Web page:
Tag Archives: slow carb

Losing weight with a minimum of willpower

If you are happy with your weight you can skip this post. Normal programming will be resumed soon.

We all know how to lose weight: eat less and move more. So why do so few people succeed? You only have to spend a few minutes walking around any wealthy western country to see that obesity is a huge problem. The human body is truly an incredible thing, evolved over millions of years. It is so much more than just a mere transport and fuelling system for the brain. We only get one body, it is a tragedy to neglect it.

The past is always with us

Our evolutionary past is working against us. Agriculture is less than 10,000 years old. That is only about 400 generations. A blink of an eye in evolutionary terms. While our technology and culture may have changed beyond all recognition in that time, our bodies and brains are still very similar to those of our palaeolithic ancestors. Their innate drives to eat salty, fatty and carbohydrate rich food and minimize their energy consumption helped to keep them alive on the hostile African savannah. But these ancient drives do little to help urban humans with almost unlimited access to food and increasingly sedentary lifestyles. Hence the burgeoning waist lines we see all around us today.

Tightening trousers

Over the last few years I had put on a few kgs. I have been spending a lot of time in front of the computer; working on my software product, doing consulting and writing this blog. Having a young child also reduced the time available for exercise. The 32 inch waist trousers I have been wearing for the last 20+ years (not the same pair, I would like to point out) were starting to feel uncomfortably tight. I either had to lose weight or go clothes shopping. Surely anything is better than clothes shopping.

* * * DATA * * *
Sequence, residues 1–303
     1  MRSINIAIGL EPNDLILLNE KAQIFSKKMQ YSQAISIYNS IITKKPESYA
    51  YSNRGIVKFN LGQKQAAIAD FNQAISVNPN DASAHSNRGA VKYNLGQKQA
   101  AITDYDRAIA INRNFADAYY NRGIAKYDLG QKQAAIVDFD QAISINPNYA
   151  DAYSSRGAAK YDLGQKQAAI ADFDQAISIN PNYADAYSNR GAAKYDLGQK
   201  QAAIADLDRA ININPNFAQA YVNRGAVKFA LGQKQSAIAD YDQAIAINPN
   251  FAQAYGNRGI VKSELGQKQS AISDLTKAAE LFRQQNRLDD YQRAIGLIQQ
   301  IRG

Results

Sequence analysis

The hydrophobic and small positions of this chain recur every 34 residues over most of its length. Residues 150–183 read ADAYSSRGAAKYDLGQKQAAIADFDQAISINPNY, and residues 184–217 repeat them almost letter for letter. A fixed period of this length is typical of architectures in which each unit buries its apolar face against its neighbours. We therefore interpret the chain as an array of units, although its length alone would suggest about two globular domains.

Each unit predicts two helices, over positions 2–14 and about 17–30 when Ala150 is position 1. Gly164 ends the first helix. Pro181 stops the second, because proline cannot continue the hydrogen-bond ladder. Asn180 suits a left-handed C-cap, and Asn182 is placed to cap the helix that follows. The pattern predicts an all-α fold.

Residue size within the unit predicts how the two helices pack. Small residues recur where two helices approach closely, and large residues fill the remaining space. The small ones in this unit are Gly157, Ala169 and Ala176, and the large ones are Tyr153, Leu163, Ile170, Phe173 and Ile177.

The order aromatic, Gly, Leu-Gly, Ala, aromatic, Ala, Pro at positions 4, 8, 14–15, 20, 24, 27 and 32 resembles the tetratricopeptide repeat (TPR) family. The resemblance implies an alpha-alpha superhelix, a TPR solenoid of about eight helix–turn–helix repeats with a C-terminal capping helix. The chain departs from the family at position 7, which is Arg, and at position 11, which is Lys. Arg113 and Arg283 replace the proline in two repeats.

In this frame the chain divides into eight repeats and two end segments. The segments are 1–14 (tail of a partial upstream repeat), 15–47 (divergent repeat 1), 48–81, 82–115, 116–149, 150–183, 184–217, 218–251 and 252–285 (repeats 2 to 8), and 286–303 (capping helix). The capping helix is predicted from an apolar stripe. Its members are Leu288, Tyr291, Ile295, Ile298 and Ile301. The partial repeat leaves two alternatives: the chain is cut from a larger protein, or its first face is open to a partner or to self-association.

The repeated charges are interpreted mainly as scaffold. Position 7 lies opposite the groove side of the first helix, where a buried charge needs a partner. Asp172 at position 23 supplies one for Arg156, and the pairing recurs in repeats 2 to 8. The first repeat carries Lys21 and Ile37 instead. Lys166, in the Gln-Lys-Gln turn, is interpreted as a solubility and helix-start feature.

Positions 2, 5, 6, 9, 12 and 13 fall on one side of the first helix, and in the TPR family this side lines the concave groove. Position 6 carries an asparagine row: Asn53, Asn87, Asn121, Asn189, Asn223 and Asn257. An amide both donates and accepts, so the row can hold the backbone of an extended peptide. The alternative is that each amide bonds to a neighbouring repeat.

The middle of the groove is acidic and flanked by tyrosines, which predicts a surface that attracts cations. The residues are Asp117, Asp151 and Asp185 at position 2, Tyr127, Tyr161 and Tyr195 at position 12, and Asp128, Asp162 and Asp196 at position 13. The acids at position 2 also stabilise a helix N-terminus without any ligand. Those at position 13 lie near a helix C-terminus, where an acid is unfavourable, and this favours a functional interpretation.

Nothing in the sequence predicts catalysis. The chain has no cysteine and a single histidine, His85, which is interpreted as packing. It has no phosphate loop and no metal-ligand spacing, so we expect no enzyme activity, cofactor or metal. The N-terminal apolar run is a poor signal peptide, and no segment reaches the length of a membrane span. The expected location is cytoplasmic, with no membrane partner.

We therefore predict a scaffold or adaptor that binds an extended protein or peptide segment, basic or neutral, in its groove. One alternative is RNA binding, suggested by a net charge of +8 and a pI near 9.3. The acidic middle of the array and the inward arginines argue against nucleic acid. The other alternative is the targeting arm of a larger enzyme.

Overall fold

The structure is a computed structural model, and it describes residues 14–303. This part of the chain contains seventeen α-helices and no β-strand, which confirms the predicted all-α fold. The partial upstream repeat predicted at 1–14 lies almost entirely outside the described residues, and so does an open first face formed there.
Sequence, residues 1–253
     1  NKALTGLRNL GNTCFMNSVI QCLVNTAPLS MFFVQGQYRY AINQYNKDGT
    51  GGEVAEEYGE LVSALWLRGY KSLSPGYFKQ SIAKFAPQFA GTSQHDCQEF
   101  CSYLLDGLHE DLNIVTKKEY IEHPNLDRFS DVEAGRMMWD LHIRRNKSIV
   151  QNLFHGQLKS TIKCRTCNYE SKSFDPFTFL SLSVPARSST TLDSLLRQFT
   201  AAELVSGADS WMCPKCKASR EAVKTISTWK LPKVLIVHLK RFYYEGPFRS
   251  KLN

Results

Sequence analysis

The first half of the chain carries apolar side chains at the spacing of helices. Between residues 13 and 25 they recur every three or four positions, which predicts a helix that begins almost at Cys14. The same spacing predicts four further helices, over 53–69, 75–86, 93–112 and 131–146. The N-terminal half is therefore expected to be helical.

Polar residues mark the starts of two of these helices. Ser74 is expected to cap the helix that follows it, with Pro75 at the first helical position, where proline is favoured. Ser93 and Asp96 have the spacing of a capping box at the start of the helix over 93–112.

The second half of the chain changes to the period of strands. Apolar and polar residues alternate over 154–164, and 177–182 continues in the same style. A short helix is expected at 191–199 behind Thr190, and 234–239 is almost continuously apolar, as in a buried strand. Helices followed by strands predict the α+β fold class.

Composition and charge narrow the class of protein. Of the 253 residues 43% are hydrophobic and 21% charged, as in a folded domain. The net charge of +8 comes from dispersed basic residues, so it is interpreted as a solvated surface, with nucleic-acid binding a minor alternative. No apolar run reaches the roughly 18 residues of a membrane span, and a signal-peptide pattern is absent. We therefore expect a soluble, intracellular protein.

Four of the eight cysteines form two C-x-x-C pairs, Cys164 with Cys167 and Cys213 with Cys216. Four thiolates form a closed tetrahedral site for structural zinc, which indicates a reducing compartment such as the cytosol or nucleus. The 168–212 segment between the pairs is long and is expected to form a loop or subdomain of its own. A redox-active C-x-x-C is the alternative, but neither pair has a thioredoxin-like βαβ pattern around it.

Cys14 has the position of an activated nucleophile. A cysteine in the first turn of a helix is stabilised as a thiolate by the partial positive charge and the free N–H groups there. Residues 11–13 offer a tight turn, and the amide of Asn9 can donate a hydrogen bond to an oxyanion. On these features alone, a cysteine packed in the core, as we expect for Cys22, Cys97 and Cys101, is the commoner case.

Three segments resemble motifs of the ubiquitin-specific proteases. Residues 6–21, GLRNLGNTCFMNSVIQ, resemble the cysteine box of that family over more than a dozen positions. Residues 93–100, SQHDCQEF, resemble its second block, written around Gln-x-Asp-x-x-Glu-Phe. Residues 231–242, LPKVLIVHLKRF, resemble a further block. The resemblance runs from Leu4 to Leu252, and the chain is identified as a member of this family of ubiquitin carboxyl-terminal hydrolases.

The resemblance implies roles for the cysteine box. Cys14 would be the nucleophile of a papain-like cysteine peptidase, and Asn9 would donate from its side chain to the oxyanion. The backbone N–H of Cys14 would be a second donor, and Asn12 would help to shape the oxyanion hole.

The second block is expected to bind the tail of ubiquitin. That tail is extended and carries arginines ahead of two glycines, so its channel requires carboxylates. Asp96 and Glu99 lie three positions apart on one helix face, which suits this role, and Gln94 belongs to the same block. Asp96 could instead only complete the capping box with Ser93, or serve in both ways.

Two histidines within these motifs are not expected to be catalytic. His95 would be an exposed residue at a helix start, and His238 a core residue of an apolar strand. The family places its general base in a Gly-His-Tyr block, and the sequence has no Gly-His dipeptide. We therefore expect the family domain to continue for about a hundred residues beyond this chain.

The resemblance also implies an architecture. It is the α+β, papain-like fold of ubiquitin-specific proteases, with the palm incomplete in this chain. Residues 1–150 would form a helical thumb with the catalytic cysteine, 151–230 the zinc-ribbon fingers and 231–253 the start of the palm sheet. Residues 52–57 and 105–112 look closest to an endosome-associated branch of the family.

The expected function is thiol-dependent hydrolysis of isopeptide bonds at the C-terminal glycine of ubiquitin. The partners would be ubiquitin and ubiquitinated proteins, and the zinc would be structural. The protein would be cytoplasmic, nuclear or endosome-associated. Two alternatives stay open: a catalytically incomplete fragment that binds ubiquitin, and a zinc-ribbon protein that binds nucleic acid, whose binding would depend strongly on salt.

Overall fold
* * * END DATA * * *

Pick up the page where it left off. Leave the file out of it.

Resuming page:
But how to lose the weight? Previous attempts to lose weight have never lasted:

  • I went trekking in the Himalayas, spending 16 days walking up to the top of Mera Peak (6,476 metres). Weight loss wasn’t the goal, but the extreme exertion at high altitude meant I had the beginning of a ‘six pack’ when I got back. It didn’t last though.
  • I wrote down everything I ate on a spreadsheet and worked out the calories by weighing the food and using the calorie information on the packet or the CalorieKing website. I tried to eat less than 1800 calories a day[1]. It worked for a while, but the bookkeeping was tedious and I got bored and hungry. I gave up after a few weeks.
  • I tried the Zone Diet. Again it worked for a while, but I found the constraints (maintaining certain proportions of protein, fat and carbohydrates) tedious. I was also less than convinced by the science. I gave up after a month or two.

Success!

I decided to try a different approach. It is based on the same approach I take to my business – learn the concepts and measure the results. 8 months later I have dropped from 17.5% body fat to 13.0% body fat and lost over  6 kg (13 lb) in weight. I will spare you the before and after photos, but suffice to say that I can now easily fit into 30 inch waist trousers (damn – I still had to go clothes shopping!). And I never went hungry. I wasn’t even particularly disciplined, taking a week off here and there when I went on holiday. I won’t be appearing on the cover of a men’s fitness magazine or slimmer of the year. But I think it’s not bad for a 45 year old with a sedentary job, a distinct lack of ‘thin genes’ and a weakness for most fattening things.